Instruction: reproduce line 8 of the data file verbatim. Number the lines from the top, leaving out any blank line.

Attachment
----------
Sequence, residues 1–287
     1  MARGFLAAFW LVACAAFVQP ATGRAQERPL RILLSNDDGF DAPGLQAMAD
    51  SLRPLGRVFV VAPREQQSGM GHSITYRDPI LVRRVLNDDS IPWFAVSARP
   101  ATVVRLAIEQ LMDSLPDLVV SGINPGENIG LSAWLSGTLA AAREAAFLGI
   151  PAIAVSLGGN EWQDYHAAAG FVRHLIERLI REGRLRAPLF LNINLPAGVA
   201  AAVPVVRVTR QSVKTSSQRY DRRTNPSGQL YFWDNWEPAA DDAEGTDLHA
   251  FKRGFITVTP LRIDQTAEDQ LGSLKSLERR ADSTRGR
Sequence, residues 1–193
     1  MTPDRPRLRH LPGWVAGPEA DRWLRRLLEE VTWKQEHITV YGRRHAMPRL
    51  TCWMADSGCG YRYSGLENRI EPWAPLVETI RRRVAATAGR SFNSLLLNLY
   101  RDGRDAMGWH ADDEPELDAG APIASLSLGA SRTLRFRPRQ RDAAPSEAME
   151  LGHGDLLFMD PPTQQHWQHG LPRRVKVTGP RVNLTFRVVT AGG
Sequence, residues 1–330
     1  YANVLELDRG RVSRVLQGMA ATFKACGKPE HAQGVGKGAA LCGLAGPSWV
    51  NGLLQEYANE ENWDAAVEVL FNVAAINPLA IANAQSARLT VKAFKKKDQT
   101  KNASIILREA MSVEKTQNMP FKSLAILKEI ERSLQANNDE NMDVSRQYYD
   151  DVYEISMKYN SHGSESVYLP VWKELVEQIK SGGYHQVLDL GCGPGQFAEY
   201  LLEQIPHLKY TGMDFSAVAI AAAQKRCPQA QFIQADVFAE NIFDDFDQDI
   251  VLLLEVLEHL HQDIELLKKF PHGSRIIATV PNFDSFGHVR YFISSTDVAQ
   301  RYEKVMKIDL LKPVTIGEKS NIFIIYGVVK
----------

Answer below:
Sequence, residues 1–193